Wheeler Peak, Nevada. (Photo by Tom Baugh)

Cemeteries and mine tailing dumps remind us of early Virginia City, Nevada. (Photo by Tom Baugh)
It was the exception to the desert tones and hues that had brought my son Kevin and I to this site in the shadow of Wheeler Peak. South of the Nevada state capitol at Carson City, the interstate highways spawned smaller two lane ribbons of asphalt leading to communities such as Smith and Yerington and,  old mining camps such as Aurora and, further south Bodie. Occasionally, we would pass bluish metal markers noting the historical significance of a particular site. There are a number of these historical site markers in Nevada, especially western Nevada, because a lot of history took place here.  The 49 ‘ers crossed these lands before ascending the steep and rugged eastern slopes of the Sierra Nevada range in search of the gold in California only to make the return trip in 1859 to establish the mineral-rich mines of Gold Hill, Silver City, and the queen of them all, Virginia City in Nevada’s Comstock Lode. 

Several of us have formed a study group to address Environmental Aesthetics. For those who are interested, please  contact me at

(Continued in next post)

Sunday, February 15, 2015

Water, Hot and Cold III

(Continued from the preceding post)

(Mars courtesy of Google Images)

Perhaps it was the chalky white and the greens and golds of the cyanobacteria, their streamers and platelets that reminded me of work going on far, far away from our little desert project on the western edge of the Earth’s Great Basin. Could it be that it was in steamy pools such as this that life got its start on Earth and evolved into the rich, but now increasingly threatened diversity? In the depths of interplanetary space there are stirrings and activities that may point toward the possibility of life other than on Earth. 

On places called Titan, Enceladus, and Europa, spacecraft called Cassini and Galileo, infinitely small in the immensity of the cold solar abyss, supported by increasingly exact work with Earth and space-based telescopes probe for the possible presence of life-supporting habitats. Even further out, in December of 2014 NASA, announced that scientists using the Kepler telescope had discovered worlds circling distant stars that were very likely to host watery environments and a year earlier than that, in 2013 workers using the Hubble telescope discovered the possibility of water on distant worlds.  We now know that water is not as rare in the universe as we had once thought. But we don’t even have to look as far as the moons of the outer planets …closer to home robots Spirit and Opportunity wander the face of Earth’s sister Mars searching for signs of life in the now dry lake beds of Endeavour Crater and along the high ridges . On the saturnian moon Enceladus water is literally blown into space.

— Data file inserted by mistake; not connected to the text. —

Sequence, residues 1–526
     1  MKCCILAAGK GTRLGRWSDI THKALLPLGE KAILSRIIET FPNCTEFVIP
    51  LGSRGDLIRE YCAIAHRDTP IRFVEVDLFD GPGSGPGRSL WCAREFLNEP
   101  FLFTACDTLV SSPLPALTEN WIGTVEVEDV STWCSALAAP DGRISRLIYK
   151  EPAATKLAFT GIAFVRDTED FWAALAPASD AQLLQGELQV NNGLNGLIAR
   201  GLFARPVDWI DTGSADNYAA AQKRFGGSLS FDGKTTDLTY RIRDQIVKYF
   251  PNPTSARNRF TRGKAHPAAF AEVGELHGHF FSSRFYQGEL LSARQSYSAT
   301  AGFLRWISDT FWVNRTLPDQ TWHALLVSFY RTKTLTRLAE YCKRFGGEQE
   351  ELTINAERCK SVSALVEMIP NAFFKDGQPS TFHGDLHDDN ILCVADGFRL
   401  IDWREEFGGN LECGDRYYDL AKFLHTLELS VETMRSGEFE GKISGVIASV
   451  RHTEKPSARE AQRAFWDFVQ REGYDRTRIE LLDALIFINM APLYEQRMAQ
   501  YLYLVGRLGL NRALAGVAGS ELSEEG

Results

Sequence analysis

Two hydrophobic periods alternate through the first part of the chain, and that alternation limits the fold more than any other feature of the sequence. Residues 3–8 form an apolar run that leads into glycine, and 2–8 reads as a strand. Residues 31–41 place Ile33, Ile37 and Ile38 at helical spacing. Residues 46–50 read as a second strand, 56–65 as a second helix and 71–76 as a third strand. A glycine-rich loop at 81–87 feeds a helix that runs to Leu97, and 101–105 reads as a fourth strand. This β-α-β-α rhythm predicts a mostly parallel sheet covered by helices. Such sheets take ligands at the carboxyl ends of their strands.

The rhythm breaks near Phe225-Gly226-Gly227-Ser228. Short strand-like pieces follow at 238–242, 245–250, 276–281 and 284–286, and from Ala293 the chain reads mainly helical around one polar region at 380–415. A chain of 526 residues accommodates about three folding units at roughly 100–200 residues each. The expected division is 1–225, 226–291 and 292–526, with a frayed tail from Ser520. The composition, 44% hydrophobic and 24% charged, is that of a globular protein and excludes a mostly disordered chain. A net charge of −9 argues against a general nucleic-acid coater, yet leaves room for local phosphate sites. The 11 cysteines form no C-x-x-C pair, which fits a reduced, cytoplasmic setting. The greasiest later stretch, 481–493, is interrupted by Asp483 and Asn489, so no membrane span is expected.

Given the immensity of the universe and the hundreds of millions of suns and their circling planets is it unlikely that life only happened and evolved on Earth? I think not. In our galaxy alone, the Milky Way, there are over 100 billion stars and ours is only one of 100 billion galaxies in the universe.  In our galaxy, how many planets lie in a zone where life is possible, the so-called Goldilocks Zone? The latest estimate, based primarily on the work with the Kepler telescope, holds that there are about 8.8 billion planets in The Milky Way where the temperatures are neither too hot nor too cold for life. With each passing day and each new discovery it becomes more and more likely that life-sustaining planets, with suitable conditions exist in the universe, let alone our galaxy. The odds for life on other worlds are very, very good, almost overwhelming.  It is even possible that the signature for life will be discovered in the ancient muds of the now dry lake beds of Mars. Although it is increasingly unlikely, with each passing year, that I will live to witness the discovery that we are not alone, there is even an outside chance that such a discovery will take place during what remains of my life. However, after ¾ of a century the machinery of life is becoming frayed around the edges. But I am sure that someone living today will see the discovery of life somewhere else in the universe. I am positive of that. Perhaps it will be my grandchildren who were the first volunteers to work with me at the small thermal wetland on the edge of the Great Basin.